Perhaps taking a cue from Major League Baseball, the NHL is investigating whether a Florida man arrested last week for importing and possessing steroids provided the drugs to any of its players.
The NHL recently has interviewed members of the Washington Capitals' front office, medical and training staffs.
"We're following very closely the developments in Florida as the case progresses," NHL deputy commissioner Bill Daly told The Washington Post on Sunday. "We think it's important from the league's perspective to investigate this because any allegations of this type are concerning."
Upon his arrest Tuesday, Richard Thomas of Lakeland, Fla., told police that he had provided drugs to numerous professional athletes. He did not mention names or offer evidence to support his allegations, Polk County Sheriff Grady Judd said. Thomas' wife, Sandra, also was arrested in the bust.
The Thomases face 21 state charges of importing and possessing steroids and other controlled drugs.
"We asked him if he'd sold to major professional athletes, and his quote was 'You name the sport, we've sold to them,'" Judd told ESPN's T.J. Quinn last week. "He didn't name specifics, but he said he had dealt with [players for] the Washington Nationals and the Capitals."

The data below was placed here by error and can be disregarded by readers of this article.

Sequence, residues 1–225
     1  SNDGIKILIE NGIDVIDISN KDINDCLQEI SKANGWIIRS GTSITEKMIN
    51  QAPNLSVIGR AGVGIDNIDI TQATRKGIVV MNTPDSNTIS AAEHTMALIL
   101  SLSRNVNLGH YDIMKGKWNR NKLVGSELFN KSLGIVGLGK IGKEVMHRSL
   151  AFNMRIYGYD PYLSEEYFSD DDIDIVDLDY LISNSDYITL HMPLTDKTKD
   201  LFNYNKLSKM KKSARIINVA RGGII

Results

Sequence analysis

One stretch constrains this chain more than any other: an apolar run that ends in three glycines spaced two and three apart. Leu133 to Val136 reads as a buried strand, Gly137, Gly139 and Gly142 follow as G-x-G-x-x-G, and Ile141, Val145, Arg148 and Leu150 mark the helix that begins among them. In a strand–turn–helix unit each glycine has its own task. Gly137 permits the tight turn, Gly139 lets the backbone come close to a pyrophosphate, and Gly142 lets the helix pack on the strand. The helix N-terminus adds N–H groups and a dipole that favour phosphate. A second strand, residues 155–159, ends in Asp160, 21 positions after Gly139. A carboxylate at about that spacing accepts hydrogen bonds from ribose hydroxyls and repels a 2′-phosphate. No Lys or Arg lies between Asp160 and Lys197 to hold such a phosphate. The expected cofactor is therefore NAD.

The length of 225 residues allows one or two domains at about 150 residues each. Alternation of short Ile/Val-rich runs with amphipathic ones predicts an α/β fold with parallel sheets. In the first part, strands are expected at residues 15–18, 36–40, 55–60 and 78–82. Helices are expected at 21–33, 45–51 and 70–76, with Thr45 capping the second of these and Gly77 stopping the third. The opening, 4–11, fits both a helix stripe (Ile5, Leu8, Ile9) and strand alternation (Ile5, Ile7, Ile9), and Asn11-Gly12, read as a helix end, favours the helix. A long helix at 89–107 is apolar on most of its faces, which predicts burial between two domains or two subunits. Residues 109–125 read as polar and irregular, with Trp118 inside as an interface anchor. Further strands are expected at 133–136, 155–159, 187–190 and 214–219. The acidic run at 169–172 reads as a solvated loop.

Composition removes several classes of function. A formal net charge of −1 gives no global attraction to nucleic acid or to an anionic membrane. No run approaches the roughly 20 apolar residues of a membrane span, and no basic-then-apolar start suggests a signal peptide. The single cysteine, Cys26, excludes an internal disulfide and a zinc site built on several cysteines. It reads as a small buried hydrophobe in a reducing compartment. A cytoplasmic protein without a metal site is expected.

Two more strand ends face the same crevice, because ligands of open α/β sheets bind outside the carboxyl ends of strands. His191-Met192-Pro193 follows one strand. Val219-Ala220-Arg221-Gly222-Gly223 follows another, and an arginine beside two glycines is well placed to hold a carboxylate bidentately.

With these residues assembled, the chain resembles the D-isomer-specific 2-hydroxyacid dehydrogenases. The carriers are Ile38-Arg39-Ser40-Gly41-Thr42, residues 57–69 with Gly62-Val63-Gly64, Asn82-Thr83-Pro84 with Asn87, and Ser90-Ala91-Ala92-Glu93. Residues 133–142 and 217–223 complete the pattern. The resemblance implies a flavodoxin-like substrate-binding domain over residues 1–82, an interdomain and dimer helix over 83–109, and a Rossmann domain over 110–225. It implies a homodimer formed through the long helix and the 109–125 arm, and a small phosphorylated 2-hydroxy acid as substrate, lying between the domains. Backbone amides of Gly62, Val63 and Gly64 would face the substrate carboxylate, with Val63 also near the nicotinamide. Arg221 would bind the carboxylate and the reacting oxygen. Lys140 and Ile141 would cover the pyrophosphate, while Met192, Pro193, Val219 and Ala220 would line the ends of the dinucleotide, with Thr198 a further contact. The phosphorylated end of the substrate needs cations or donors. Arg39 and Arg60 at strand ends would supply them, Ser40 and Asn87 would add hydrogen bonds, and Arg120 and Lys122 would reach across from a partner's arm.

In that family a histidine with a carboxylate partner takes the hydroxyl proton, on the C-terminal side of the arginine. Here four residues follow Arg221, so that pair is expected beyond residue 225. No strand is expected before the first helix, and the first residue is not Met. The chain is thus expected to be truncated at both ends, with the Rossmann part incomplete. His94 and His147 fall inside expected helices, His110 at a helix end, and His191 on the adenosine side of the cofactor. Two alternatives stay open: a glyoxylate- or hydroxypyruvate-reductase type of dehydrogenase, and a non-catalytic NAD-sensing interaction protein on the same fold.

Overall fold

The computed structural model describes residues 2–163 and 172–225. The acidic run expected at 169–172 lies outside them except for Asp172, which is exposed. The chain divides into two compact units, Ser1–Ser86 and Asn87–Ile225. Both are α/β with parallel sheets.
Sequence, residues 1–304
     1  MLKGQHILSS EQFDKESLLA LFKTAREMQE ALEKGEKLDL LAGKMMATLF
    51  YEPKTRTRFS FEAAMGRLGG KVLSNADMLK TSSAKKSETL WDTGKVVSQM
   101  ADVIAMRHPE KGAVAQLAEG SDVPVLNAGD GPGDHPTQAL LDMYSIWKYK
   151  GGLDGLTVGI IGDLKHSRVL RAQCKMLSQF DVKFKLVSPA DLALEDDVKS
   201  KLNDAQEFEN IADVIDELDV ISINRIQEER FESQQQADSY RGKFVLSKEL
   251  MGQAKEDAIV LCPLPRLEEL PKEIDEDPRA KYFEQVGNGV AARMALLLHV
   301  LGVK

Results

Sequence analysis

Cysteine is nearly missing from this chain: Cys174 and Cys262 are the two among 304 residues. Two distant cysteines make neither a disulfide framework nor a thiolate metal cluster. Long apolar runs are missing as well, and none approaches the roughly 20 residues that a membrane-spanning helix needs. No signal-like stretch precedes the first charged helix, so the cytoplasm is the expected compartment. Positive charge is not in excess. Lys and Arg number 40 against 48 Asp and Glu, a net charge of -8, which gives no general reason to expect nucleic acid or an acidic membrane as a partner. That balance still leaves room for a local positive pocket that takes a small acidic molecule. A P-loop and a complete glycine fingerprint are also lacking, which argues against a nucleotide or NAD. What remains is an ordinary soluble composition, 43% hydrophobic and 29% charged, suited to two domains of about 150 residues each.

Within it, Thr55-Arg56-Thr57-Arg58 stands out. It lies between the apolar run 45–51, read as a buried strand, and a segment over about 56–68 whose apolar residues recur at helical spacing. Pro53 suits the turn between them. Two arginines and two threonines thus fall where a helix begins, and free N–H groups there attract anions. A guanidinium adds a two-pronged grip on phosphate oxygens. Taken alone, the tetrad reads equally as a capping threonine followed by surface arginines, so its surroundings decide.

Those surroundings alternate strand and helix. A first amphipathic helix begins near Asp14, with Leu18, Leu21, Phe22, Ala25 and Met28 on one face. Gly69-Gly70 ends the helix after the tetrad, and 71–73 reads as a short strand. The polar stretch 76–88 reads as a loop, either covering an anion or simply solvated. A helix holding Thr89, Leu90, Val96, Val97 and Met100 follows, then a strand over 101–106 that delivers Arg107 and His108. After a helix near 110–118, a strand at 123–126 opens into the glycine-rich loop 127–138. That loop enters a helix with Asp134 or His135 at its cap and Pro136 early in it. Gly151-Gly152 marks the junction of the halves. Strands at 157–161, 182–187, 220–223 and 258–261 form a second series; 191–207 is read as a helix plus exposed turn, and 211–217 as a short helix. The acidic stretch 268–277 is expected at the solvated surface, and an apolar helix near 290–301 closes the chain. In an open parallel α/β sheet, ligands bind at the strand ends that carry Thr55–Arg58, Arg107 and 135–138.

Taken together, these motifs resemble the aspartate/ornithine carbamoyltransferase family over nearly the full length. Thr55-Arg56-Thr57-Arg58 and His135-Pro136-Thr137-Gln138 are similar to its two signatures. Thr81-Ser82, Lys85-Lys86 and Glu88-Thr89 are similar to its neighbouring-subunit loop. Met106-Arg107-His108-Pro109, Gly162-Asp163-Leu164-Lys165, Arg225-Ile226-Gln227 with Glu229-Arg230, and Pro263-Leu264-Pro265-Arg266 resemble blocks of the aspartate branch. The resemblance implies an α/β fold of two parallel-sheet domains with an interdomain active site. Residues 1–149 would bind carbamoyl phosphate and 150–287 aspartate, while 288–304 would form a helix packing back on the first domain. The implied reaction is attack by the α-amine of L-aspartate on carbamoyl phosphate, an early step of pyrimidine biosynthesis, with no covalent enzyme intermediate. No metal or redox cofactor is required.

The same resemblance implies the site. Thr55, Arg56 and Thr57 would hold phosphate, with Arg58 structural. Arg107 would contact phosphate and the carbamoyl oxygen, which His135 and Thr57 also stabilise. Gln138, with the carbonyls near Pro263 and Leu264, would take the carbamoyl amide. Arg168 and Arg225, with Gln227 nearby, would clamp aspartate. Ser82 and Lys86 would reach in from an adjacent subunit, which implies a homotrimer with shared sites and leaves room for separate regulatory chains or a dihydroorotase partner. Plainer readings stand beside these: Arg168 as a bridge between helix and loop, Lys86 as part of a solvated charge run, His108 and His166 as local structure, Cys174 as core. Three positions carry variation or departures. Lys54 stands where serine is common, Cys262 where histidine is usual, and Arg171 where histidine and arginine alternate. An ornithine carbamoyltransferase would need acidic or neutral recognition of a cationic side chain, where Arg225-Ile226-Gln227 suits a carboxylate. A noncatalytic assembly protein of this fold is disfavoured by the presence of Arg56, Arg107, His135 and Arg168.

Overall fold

According to The Post, NHL investigators have been unable to make a connection between Thomas and the Caps. Major League Baseball also is cooperating in the case.
"There were no specifics to the allegations other than somebody who got arrested said something without naming any particular people or players," NHL commissioner Gary Bettman said Friday. "No one is certain, based on what we've been able to learn so far, that there's anything there.
"But because we take this entire matter very seriously, the matter of performance-enhancing drugs, we are investigating."
The NHL's probe is being spearheaded by its security and legal departments, The Post reported, and interviews with Capitals personnel are ongoing, Daly told the newspaper.
"While there seems to be no evidence to this point that would substantiate any of the claims, it's something we feel we have an obligation to follow up on," Daly said, according to The Post. "We are in the process of touching base with relevant personnel within the Washington organization."